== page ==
The ultra-wide resolution may be a sticking point for some, because while the extra horizonal pixels are useful for multitasking, the 1,080 vertical resolution mean you don’t get quite as much space as you’d want when working with large documents. The large 34in form factor means dpi is very low for this size; typically 34in panels have a resolution of 3,840×1,440 pixels. A smaller, FreeSync-enabled 29in LG 29UM67 is also available, and this might be a better bet if you want to save a little money while maintaining the same resolution.
Actual image quality was about as good as you can get from a non-professional IPS screen. sRGB colour gamut coverage out of the box was 98.8%, although things were perhaps a little cool with a colour temperature of 7,264K. Contrast levels were reasonably high at 1,031:1 and black levels, while not rock bottom, were still nice and low at 0.29cd/m2. Playing dark and atmospheric games on this monitor is an immersive experience, although you may want to turn up the in-game contrast and brightness a notch in order to be able to see every detail. Input lag was fairly low at 10ms, so this monitor’s gaming credentials stand up.
Backlight uniformity is even across most of the panel aside from the top-middle portion, which was 13% darker than our reference point at the centre of the screen. In real terms, you probably won’t notice this and it didn’t affect us during our testing.
Design, inputs and menus
One advantage of FreeSync is that, unlike G-Sync, it allows for multiple display inputs. G-Sync does not currently support multiple inputs because monitors that use it have to incorporate a proprietary scaler unit that only supports DisplayPort. This also means onscreen menus across G-Sync monitor are the same. Because FreeSync works with the VESA-mandated DisplayPort 1.2a Adaptive Sync standard, any scaler that supports Adaptive Sync can be used. This means manufacturers can use their own on screen menus and add whichever inputs they see fit. In this case, the 34UM67 has two HDMI ports and a DVI port in addition to the DisplayPort connector. FreeSync only works over DisplayPort, however, and you’ll need to make sure it’s switched on via the monitor’s on screen menus because it’s turned off by default.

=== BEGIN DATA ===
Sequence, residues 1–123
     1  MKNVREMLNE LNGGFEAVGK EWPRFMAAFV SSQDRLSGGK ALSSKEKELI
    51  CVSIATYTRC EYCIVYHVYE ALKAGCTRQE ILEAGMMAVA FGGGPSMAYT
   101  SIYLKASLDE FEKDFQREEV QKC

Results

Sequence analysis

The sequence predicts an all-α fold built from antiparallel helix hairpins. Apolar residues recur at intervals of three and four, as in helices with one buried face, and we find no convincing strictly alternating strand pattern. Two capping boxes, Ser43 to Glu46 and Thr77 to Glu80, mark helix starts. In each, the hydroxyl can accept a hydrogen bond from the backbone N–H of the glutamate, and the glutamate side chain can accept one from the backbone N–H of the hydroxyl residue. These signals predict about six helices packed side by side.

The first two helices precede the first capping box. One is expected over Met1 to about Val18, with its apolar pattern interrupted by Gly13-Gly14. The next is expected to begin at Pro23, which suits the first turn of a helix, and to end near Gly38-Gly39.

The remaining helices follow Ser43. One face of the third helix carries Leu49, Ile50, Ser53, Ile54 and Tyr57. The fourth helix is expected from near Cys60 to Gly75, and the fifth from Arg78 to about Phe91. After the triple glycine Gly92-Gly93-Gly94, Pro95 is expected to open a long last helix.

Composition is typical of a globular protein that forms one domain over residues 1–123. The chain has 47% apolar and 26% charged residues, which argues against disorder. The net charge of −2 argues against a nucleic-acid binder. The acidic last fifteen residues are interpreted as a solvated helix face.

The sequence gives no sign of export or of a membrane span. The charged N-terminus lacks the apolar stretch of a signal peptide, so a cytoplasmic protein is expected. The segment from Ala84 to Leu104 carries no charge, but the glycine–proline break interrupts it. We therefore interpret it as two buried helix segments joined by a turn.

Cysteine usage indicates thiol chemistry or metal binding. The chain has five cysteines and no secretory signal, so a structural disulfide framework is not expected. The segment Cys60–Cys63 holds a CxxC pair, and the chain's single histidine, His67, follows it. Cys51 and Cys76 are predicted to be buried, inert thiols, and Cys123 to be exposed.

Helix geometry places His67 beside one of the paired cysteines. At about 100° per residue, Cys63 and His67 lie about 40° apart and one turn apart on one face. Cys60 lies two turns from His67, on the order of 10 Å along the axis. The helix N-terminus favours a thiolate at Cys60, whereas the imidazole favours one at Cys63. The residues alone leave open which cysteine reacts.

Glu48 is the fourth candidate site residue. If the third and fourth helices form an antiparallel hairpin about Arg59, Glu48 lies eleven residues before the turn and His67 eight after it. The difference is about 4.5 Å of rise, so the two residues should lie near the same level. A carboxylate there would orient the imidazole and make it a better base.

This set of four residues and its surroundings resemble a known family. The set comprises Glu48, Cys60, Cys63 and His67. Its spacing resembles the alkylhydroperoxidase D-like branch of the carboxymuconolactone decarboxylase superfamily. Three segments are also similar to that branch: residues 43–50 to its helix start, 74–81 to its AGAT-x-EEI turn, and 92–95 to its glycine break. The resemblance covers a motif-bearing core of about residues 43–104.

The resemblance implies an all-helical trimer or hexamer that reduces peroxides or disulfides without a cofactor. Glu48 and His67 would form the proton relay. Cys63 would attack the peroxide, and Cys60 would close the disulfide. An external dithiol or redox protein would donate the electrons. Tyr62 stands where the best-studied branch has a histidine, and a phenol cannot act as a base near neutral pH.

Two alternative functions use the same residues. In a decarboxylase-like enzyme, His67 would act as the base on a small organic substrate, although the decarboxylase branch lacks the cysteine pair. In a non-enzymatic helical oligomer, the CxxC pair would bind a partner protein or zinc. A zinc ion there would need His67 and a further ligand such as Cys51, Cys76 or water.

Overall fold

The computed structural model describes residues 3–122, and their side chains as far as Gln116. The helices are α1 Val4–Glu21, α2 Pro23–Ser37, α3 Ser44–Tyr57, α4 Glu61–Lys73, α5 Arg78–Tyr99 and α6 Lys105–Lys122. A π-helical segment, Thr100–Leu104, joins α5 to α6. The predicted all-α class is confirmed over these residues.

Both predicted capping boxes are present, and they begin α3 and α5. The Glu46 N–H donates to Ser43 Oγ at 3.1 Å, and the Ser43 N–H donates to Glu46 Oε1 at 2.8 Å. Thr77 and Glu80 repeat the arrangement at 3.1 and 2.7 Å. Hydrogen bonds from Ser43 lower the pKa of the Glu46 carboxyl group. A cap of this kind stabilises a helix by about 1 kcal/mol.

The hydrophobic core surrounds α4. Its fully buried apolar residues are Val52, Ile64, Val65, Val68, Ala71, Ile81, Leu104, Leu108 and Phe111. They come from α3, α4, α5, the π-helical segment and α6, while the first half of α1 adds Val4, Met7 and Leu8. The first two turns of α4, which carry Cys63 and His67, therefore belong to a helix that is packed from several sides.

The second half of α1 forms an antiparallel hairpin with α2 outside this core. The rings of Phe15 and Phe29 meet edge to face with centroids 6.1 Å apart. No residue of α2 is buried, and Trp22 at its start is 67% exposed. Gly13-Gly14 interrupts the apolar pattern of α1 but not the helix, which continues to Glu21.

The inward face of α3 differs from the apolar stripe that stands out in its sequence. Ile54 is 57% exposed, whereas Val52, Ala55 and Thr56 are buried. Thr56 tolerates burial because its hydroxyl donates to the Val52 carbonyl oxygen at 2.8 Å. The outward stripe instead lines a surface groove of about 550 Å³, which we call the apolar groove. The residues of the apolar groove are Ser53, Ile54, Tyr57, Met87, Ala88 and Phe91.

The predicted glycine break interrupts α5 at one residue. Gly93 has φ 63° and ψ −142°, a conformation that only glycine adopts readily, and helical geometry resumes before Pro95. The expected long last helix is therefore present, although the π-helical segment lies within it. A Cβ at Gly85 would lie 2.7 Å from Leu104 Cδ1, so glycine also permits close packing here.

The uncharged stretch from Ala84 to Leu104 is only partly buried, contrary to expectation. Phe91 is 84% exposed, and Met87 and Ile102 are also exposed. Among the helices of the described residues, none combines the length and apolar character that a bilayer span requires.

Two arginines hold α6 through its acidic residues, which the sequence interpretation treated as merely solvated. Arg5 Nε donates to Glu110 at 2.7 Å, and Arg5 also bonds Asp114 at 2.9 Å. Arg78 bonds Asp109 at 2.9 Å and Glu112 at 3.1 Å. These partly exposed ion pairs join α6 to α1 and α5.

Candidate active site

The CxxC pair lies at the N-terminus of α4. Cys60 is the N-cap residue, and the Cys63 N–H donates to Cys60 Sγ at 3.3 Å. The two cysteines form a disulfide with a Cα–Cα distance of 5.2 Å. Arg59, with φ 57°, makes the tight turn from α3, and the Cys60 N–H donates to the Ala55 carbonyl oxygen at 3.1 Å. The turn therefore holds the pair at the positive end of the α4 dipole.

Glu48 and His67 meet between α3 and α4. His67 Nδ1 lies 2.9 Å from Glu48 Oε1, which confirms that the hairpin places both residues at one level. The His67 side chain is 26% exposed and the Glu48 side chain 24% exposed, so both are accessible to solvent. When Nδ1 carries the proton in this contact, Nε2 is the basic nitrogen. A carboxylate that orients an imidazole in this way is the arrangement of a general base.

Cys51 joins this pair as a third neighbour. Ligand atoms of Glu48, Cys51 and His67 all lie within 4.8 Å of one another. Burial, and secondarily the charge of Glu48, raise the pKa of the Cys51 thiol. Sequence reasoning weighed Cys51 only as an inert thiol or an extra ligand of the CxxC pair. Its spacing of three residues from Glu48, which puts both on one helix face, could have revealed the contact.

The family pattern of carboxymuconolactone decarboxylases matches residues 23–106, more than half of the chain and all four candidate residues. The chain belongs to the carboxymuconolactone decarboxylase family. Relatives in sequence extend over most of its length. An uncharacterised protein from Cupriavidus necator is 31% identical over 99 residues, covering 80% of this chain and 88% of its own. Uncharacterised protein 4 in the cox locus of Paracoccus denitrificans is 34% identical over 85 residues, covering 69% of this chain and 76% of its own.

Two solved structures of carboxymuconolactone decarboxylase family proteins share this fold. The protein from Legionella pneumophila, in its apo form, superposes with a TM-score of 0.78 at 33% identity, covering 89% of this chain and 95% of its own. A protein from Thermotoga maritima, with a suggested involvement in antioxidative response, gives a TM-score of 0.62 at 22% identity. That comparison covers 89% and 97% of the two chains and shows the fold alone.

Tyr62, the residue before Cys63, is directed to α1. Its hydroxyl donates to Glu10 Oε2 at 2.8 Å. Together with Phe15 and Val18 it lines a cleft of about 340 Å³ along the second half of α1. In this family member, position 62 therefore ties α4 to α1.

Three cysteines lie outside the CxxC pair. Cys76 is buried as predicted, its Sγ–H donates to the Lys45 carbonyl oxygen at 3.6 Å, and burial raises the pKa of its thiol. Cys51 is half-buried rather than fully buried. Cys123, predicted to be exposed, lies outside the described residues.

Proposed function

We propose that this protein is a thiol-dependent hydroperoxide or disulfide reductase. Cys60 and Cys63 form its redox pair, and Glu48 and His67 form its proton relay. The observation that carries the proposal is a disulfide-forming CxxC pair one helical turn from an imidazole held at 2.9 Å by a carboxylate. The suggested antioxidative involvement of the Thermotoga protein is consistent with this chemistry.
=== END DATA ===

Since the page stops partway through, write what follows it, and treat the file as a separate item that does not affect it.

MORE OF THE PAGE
There are various image quality controls available via the on screen menus. These are extremely easy to navigate thanks to the four-way joystick on the bottom of the panel. There are lots of options to choose from, too, including six-way colour adjustments, various gaming modes and colour enhancements as well as picture-by-picture modes. The picture-by-picture mode works well and the inputs we tested automatically changed resolution when they were only given half of the screen, so instead of becoming squashed, our Windows desktop was scaled correctly.
There are also two 7W speakers on the monitor, and they’re very good. If you’re not hugely fussed about deep sound, then they could feasibly replace cheap desktop speakers. If you’re gaming, though, headphones would still be a better choice. The design of the monitor and its stand make it rather inflexible; there are two height options to choose from and to switch between them you’ll need to detach the stand (and its four screws) and re attach it.
The LG 34UM67 is a fascinating FreeSync case study as it represents both the strongest points of the technology and its limitations. While we appreciate that IPS panels prioritise image quality over refresh rate, the 48-75Hz working window of FreeSync on this panel is too much of a constraint for us, and getting games to consistently run between 48 and 75fps will be very challenging.
While FreeSync itself is perhaps a handy completely practical addition rather than a headline feature, this is still a versatile and quality monitor that should suit gamers and multitaskers well. If you want something with a higher resolution and don’t care about FreeSync, the 34in AOC U3477PQU has a 3,840×1,440 pixel panel and a more versatile stand, but it’s £150 more expensive. Alternatively, the Asus PB298Q is much cheaper and the 2,560×1,080 resolution makes more sense on its 29in screen.
|Claimed contrast ratio
|Claimed response time
|Response time type
|Horizontal viewing angle
|Vertical viewing angle
|Internal speaker (power)
|Yes (2x 7W)
|Integrated power supply
|2x HDMI, DisplayPort, DVI
|3.5mm audio input
|Price including VAT
|Two years collect and return